August 23, 2013
The angel investor plays a crucial role in the growth and development of a startup in two distinct ways. First and foremost, they fund the startup, providing new opportunities for the fledgling company. Second, they provide wisdom through mentorship, steering the startup down a path to success.
After getting entrenched in the angel and VC world, Navah Fuchs decided to take the obvious success behind that model and apply it to a whole new world: education. Angel Ed was designed as a nonprofit platform to help students finance their education in a debt-free way while building network connections through mentor-guided leadership.
“I had originally wanted to be a teacher,” says Fuchs. “But I got so upset with how bad the education system is and how little impact one single teacher makes, so I pivoted to the tech world.”
Through Angel Ed, students can showcase their academic achievements, passions, and goals, much like a startup would their product. Potential investors can get to know the students and provide funding to cover what specific students might need to complete their education.
Angel Ed then accepts the funds on behalf of the students and then pays the bills for them. Their students can also opt to crowdfund the remaining portion of their necessary academic funds by tapping family and friends.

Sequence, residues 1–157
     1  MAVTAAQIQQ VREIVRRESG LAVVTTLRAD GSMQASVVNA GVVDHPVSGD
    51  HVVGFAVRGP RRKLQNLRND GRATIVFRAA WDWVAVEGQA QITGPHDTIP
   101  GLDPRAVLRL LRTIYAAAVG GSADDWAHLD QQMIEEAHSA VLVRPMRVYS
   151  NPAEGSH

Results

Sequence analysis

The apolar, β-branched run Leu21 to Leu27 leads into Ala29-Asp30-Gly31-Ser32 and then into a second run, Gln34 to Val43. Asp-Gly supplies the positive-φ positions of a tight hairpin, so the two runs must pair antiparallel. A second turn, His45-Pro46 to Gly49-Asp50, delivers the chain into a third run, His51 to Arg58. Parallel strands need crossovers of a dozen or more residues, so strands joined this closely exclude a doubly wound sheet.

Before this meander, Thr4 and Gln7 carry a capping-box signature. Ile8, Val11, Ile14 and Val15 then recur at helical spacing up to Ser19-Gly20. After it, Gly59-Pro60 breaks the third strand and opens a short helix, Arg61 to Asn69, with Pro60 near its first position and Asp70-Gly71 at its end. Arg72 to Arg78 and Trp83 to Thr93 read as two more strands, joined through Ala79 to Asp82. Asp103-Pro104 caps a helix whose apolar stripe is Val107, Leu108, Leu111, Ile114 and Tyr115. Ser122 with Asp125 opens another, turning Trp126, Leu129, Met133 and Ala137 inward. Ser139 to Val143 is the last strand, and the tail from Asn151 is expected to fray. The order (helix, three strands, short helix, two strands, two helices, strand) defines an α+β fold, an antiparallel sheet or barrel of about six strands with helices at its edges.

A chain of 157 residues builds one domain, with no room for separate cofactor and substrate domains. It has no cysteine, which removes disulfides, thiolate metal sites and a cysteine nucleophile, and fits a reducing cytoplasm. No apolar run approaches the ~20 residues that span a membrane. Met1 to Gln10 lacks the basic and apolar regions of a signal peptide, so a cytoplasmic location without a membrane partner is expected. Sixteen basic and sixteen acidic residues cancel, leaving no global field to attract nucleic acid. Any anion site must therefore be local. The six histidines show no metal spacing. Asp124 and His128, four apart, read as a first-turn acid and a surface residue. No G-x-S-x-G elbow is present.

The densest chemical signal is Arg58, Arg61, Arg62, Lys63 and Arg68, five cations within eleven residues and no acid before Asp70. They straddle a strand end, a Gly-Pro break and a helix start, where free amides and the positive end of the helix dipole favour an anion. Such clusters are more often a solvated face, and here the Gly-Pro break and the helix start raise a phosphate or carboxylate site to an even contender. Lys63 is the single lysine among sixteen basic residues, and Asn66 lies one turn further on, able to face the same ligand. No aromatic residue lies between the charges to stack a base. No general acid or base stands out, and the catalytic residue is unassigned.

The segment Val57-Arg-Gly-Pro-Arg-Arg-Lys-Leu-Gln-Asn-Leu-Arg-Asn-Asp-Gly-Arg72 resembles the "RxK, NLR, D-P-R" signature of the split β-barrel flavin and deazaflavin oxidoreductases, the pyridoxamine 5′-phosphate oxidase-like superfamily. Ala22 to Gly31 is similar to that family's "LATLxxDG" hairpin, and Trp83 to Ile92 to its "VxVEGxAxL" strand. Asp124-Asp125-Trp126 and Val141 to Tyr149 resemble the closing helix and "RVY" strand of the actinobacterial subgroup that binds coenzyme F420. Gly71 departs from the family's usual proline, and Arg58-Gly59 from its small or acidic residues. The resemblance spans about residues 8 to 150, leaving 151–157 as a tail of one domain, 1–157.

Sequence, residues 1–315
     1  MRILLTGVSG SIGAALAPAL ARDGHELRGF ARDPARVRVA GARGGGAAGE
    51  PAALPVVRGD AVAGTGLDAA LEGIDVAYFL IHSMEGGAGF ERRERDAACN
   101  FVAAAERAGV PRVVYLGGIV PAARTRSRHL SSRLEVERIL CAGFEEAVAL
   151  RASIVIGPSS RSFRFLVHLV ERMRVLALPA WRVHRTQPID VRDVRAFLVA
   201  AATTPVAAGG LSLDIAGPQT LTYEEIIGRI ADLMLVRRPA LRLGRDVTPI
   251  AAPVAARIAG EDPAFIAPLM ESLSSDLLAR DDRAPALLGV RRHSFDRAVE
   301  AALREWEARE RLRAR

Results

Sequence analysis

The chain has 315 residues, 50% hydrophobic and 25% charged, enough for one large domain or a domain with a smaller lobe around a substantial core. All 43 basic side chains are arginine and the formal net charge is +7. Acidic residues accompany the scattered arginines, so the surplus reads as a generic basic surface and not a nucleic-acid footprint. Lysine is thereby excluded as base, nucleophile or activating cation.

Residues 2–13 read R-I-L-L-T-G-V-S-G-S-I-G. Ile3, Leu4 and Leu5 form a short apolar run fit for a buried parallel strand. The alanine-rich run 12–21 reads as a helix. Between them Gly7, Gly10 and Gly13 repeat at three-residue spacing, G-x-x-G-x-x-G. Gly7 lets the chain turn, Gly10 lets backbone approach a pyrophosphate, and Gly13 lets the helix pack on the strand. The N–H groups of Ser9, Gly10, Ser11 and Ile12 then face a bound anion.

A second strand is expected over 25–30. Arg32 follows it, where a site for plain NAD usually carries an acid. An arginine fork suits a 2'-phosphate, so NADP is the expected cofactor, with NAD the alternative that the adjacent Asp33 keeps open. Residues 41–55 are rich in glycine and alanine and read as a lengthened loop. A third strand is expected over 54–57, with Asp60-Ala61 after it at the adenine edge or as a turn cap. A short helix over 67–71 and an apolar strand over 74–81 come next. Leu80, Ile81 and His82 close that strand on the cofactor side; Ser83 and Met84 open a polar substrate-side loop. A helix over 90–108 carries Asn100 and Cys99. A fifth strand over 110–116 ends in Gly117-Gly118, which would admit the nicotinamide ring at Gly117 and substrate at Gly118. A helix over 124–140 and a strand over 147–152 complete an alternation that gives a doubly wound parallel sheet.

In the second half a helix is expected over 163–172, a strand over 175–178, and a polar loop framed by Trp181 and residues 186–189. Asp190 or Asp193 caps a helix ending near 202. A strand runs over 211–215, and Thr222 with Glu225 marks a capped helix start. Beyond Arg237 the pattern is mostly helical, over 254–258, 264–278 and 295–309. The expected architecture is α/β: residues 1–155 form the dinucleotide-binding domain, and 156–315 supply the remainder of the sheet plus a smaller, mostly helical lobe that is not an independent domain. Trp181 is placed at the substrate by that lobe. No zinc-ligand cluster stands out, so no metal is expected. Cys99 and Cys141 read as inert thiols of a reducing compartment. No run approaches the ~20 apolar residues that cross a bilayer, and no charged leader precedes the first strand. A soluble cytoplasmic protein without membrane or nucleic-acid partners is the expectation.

But that is only half of the angel investor mentality that Fuchs and her co-founders have ingrained into Angel Ed. The platform puts the student first, connecting them to mentors who can teach them how to establish professional networks, put their education to good use, and spend their money in the right ways.
“On our model, if students have to take out debt, it is a managed risk, and there will be a reward in the form of professional success,” says Fuchs. “Unsupervised debt translates into a complete lack of fiscal literacy.”
Looking at the long term, Angel Ed is collecting hordes of empirical data surrounding their current 100-student class. By recognizing student successes and failures, Fuchs and the team can specify which universities and programs are best for the students.
“We are aiming to be the biggest source of data for how universities assess their programs,” says Fuchs. “I see us bringing some much needed transparency to the higher education field.”
Typically, investors look for ROIs on their investments. While a startup would bring money back to them, the student ROI translates into graduating on time and using their education to work a dynamite job.
And as their students head out into the professional world, capitalizing on opportunities they have created, Angel Ed asks only one thing in return. They want students to remember their roots and pay the kindness forward someday when they are able.
Angel Ed will be featured at Tech Cocktail’s Boston Mixer & Startup Showcase on August 27th.
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